- If, according to the Spanish Ministerial Order ECC/488/2016, of April 4th, the application has to be specifically authorised by the Directorate General for International Trade and Investment (Ministry of Economy), this application has to be accompanied by an annex writing detailing the circumstances which make necessary this specific authorization and the complete application, together with all the documents attached to it, will be sent, at the same time, to ICO and to the Directorate General for International Trade and Investment (Ministry of Economy) who, if considers it appropriate, will authorize the operation based on the strategic character for the internationalization of the Spanish company or sector.
- The application form (in accordance with "Modelo de Solicitud" attached) will be presented together with a sworn statement issued by the exporter (in accordance with "Modelo de Declaración Responsible Exportador" attached).
- Additionally, in the course of the CARI's administrative procedure, the following documents are to be presented: the executed commercial contract (in case it has not been presented together with the application), the current CESCE offer (or that of another firm of underwriters should the credit need to be underwritten) and the credit agreement executed by the financial entity and the borrower.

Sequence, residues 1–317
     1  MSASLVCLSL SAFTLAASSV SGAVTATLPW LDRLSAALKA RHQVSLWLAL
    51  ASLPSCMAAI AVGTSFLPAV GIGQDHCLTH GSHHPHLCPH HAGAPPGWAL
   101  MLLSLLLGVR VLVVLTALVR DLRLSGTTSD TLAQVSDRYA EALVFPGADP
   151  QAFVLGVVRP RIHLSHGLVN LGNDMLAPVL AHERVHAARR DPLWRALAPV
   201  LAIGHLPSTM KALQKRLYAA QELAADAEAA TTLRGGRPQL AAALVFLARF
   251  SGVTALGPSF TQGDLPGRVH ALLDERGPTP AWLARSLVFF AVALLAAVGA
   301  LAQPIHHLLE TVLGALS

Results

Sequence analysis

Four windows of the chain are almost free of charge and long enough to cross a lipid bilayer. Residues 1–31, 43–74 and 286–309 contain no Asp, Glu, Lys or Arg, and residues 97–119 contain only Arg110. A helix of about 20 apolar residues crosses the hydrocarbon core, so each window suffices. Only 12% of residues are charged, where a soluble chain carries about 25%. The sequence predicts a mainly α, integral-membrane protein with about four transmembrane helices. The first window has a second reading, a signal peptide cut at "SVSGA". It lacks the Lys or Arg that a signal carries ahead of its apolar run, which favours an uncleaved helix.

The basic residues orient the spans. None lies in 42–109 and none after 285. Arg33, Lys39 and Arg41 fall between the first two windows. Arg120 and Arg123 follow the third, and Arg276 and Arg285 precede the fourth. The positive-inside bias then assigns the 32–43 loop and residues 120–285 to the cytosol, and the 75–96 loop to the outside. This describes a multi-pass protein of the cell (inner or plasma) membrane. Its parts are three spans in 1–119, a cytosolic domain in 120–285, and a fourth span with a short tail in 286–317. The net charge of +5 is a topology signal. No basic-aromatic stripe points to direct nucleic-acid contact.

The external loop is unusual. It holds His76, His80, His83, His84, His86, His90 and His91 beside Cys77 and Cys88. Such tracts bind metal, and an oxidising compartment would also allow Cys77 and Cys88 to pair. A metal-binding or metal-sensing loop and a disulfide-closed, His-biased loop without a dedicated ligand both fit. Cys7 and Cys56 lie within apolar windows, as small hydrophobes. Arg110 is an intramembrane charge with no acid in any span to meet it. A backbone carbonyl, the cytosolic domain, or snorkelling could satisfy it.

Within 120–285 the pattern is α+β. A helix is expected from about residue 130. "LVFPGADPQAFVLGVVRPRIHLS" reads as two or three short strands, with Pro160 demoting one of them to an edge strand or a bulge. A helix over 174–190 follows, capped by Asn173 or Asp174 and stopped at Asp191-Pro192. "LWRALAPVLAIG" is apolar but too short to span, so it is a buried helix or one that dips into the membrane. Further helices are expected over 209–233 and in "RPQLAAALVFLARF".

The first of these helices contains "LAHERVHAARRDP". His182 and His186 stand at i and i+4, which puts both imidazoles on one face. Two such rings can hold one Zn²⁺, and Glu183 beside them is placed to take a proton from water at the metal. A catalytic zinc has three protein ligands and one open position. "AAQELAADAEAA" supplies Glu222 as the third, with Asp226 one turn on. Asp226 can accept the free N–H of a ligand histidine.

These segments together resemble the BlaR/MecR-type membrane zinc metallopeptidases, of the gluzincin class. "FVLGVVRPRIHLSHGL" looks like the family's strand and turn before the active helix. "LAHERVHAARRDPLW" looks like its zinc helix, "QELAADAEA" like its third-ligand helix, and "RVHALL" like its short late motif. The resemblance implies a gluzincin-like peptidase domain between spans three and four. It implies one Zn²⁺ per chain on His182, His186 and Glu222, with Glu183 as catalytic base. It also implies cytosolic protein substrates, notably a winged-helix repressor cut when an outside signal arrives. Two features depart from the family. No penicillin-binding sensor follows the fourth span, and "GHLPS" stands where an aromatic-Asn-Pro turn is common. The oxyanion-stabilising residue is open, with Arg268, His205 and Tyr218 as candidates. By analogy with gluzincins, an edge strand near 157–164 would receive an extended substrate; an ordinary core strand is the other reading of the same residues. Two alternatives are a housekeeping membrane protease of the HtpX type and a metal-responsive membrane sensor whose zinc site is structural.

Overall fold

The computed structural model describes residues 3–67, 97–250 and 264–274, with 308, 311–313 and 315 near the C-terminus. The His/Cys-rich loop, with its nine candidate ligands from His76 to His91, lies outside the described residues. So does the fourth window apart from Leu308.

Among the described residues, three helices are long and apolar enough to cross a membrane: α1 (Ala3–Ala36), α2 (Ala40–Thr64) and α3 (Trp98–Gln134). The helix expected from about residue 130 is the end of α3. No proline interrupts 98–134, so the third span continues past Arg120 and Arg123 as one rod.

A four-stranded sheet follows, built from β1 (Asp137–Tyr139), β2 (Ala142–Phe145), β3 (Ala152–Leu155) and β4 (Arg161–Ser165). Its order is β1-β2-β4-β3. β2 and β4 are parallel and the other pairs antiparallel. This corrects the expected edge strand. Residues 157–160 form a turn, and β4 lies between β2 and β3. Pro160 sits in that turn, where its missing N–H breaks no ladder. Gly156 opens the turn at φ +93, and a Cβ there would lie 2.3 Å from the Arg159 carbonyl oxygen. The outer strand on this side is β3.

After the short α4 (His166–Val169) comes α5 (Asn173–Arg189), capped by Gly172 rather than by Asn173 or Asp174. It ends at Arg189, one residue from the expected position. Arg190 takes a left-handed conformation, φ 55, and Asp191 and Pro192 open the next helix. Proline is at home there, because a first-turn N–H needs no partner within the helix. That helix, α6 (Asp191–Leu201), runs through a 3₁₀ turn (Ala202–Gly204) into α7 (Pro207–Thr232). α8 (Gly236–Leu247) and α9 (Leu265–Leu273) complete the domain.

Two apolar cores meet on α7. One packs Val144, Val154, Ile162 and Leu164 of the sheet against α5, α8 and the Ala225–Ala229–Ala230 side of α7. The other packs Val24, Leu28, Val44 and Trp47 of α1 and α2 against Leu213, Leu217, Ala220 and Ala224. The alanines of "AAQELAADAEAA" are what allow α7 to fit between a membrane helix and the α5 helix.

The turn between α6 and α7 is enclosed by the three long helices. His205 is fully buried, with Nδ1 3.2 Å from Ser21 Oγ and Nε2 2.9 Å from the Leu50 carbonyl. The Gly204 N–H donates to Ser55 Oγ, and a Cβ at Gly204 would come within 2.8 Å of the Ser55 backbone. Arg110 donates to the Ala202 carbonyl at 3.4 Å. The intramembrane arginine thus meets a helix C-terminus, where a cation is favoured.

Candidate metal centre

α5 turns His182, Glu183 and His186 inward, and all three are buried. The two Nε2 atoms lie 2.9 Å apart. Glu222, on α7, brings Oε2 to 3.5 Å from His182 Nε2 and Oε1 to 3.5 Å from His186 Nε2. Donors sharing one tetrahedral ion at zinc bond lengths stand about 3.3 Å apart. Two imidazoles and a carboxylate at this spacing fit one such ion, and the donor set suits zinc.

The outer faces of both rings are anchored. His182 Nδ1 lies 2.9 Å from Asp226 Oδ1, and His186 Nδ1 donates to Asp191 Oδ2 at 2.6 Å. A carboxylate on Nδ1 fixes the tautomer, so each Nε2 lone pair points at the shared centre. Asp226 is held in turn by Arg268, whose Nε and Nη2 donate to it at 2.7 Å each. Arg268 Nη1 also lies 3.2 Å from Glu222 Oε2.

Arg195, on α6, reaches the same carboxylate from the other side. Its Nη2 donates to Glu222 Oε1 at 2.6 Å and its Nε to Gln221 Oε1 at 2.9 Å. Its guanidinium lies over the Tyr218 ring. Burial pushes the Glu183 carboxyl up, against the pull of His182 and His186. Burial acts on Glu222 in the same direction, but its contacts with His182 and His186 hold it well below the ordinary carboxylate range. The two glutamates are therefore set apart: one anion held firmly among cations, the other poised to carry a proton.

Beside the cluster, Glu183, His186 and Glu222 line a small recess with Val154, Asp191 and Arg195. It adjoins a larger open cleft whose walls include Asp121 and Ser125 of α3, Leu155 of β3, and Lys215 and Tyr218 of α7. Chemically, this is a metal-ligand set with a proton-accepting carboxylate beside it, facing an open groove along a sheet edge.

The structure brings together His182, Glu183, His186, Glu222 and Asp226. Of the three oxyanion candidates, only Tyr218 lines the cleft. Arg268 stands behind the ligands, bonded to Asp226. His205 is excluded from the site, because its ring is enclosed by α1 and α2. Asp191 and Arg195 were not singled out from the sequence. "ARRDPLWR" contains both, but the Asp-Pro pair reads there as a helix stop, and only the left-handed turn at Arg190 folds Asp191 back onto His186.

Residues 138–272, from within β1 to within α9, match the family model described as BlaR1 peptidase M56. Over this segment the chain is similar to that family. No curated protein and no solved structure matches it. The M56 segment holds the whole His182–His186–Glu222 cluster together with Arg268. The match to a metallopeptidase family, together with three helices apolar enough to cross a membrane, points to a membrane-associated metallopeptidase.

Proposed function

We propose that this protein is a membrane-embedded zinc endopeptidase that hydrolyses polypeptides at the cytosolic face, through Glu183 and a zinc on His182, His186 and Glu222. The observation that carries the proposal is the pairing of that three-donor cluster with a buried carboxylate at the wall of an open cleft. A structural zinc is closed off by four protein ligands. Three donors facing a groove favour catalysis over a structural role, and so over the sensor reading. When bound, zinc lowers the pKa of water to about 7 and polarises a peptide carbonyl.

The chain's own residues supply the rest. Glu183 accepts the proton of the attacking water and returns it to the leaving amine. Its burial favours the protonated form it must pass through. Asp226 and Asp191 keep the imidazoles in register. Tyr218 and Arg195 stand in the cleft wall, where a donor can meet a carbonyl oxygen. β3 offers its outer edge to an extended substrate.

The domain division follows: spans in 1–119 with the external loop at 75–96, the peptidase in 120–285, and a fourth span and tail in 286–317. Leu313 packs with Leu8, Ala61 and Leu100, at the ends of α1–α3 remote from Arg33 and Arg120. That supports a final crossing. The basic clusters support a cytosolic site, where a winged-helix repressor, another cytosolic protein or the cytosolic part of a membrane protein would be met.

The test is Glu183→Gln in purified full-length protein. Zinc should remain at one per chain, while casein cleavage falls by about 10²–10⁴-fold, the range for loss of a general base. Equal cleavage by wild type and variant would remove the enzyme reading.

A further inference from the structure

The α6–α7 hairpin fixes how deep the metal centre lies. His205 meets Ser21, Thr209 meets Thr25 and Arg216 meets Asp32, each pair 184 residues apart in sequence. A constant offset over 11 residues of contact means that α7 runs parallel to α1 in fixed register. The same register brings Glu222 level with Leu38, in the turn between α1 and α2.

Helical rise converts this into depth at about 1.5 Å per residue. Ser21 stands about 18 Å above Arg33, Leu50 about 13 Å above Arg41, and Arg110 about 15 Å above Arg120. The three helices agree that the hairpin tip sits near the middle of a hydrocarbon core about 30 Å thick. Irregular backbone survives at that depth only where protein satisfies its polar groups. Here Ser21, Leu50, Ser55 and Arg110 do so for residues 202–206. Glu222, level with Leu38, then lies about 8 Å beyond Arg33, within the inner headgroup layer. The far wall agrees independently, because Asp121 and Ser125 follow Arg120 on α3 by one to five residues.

CARI administrative procedure:
- Approval: once the operation is authorized generically by ICO, on behalf of the Directorate General for International Trade and Investment (Ministry of Economy), or specifically by the Directorate General for International Trade and Investment (Ministry of Economy), as the case may be, ICO will issue an offer of financial terms (Letter of Intent or "Carta de Intenciones") in the Directorate's name.
- Letter of intent: this is the offer made to the financial entity by ICO. It gives details of the terms and conditions to be included in the credit agreement (maximum amount, interest rate, repayment term) and the management margin acknowledged in favour of the financial entity. It is valid for a maximum period of six months.
- Formalisation: through the execution of a contract between ICO and the financial entity.